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The Connacht Tribune Live app is the home of everything that is happening in Galway City and county. It’s completely FREE and features all the latest news, sport and information on what’s on in your area. Click HERE to download it for iPhone and iPad from Apple’s App Store, or HERE to get the Android Version from Google Play.

 

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CITY TRIBUNE

Angels took pain out of hospital Christmas

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Charlie Adley

Double Vision with Charlie Adley

More than any other time of the year, when we sit around our dinner tables on Christmas Day, we are aware of who is there and who is not. At the age of 17, having performed impressive acrobatics with my Yamaha 250, a saloon car, a ditch and a barbed wire fence, I spent six weeks in hospital over Christmas and New Year.

My femur was snapped in two, which is no mean feat with thighs like mine, and my tibia had a crack or two as well.

Bed-bound, with my leg in traction, I developed a bronchial chest infection after an emergency operation.

Every two seconds for six weeks I coughed in hacking spasms, thus shaking my smashed leg, which was hung in a sling, supported by a metal pole they had driven through me, just below the knee.

Suffice to say I came to terms with pain.

In our part of the ward, there were four beds and three bikers with broken bones.

There was Kev, who had fallen off his sleek and mean Suzuki GT750 (a two stroke 3-into-1, since you ask), and opposite us two was brick shithouse Yorkshireman Gary, ex-SAS, and mighty embarrassed, having survived several covert tours of duty in Northern Ireland, to have to admit to falling off a Honda 125.

Compared to the other patients in the hospital the three of us were well off.

We were not sick. We’d had our operations, and apart from antibiotics for wounds, and pain killers for broken bones, we needed very little medical attention.

We were young, male, bored, and allowed to drink beer. Naturally, we tried to attract the attention of the student nurses as much as possible, and equally, they were happy to have a bit of a laugh with lads who were not ill, physically, at least!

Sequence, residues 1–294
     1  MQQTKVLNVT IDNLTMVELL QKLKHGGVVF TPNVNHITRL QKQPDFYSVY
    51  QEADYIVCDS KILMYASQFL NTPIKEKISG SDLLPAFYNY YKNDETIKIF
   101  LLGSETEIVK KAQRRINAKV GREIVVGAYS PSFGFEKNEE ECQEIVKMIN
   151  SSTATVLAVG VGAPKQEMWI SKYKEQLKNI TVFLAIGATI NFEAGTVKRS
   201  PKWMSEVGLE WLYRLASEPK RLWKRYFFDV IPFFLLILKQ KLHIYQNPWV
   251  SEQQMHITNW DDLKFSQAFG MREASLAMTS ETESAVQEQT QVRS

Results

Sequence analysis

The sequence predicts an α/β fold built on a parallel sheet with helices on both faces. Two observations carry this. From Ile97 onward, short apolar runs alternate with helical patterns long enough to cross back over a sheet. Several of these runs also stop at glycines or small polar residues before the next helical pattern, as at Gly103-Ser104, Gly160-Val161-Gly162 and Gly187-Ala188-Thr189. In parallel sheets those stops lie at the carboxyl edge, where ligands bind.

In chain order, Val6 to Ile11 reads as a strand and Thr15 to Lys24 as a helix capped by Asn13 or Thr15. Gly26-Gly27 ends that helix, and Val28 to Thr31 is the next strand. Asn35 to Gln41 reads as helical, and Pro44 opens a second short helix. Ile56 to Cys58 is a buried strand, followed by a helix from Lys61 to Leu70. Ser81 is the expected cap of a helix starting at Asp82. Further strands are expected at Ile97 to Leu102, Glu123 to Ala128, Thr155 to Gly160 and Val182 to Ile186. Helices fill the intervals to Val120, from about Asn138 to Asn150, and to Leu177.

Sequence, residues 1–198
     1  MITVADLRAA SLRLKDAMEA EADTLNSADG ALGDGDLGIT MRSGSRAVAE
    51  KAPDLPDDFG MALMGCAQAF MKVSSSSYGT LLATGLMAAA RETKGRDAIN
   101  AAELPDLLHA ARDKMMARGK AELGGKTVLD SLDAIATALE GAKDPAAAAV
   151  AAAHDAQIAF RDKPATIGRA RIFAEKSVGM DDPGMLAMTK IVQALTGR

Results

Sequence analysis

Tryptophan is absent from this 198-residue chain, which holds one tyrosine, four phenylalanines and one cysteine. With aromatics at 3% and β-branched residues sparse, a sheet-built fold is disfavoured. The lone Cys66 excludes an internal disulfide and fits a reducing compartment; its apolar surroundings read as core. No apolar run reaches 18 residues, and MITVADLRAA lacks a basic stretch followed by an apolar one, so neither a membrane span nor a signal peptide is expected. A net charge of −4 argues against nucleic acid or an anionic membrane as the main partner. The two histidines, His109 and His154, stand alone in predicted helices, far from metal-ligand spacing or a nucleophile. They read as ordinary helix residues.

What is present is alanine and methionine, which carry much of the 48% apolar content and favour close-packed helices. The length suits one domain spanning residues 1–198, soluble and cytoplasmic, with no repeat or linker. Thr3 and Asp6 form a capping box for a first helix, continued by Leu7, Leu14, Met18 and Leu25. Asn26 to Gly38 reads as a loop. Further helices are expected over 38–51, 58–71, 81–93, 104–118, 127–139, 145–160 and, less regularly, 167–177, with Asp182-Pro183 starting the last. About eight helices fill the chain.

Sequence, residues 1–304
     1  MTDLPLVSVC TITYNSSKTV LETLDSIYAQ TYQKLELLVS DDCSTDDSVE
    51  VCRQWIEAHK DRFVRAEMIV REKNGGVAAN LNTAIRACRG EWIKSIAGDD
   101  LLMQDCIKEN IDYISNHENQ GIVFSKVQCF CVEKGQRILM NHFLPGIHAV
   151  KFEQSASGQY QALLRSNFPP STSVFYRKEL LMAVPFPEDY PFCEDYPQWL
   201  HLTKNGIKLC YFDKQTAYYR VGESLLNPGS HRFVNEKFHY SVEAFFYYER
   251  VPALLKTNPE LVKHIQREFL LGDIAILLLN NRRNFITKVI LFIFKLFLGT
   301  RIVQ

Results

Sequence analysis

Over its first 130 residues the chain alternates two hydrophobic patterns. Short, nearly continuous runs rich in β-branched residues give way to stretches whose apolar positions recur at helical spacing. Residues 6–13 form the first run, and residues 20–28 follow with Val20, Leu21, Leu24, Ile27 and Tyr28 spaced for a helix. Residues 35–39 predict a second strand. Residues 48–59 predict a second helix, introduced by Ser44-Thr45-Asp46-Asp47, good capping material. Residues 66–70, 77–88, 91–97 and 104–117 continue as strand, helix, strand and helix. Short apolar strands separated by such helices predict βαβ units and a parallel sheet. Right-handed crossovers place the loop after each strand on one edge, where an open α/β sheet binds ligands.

For more, read this week’s Galway City Tribune.

Get the Connacht Tribune Live app
The Connacht Tribune Live app is the home of everything that is happening in Galway City and county. It’s completely FREE and features all the latest news, sport and information on what’s on in your area. Click HERE to download it for iPhone and iPad from Apple’s App Store, or HERE to get the Android Version from Google Play.

 

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CITY TRIBUNE

Don’t be a slave to the algorithm

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Charlie Adley

Double Vision with Charlie Adley

Saying “I love newspapers!” feels these days like buying a ticket for the next David Bowie gig, but I do: I love them. When I read a newspaper, I’m not a slave to the algorithm. Were I ten years younger, I’d read all my news online, on apps that I’ve set to my personal preferences.

Even when I visit media sites I’ve never been to before, there are cookies and bots and gordknowswot working away to offer me more of what the algorithms think I want.

Every link off each page is tailored to please me, but that’s no good.

I don’t want to be fed things that only fit into my areas of interest and opinion.

Sitting at my living room table, mug of tea and two slices of toast (peanut butter, since you ask), and a paper – any paper – open in front of me, I can see the full wonder and horror of the world, as interpreted by The Guardian, The Daily Mail, The Irish Times or Daily Mirror.

As I browse into the heart of the paper, far from major news items, I let my eyesight fall all over the place, because each page is full of varied items, and, here on page 14, I’ll find the big story that’s being buried: the story they have to report, but are under instruction to dampen down.

Also here are stories that no algorithm-driven link would ever lead me to. Quirky little tales, able to dissolve an adult brain in seconds.

When driven sufficiently doolally by what I’m reading, I tear that particular piece of madness out of the newspaper, placing it on top of the wobbly towering stack of other torn madnesses by my desk.

There are dark torn madnesses and fearsome ones, but today I’m in the mood to prowl the ones that force me to furrow my brow, gasp for breath, pout my lips and grunt “What the -?” at the universe.

Notes are seeds, from which every writer will grow different fruit. When that writer is working for the Daily Mail, the fruit need bear only minuscule relation to the seed.

To read Charlie’s column in full, please see this week’s Galway City Tribune.

Get the Connacht Tribune Live app
The Connacht Tribune Live app is the home of everything that is happening in Galway City and county. It’s completely FREE and features all the latest news, sport and information on what’s on in your area. Click HERE to download it for iPhone and iPad from Apple’s App Store, or HERE to get the Android Version from Google Play.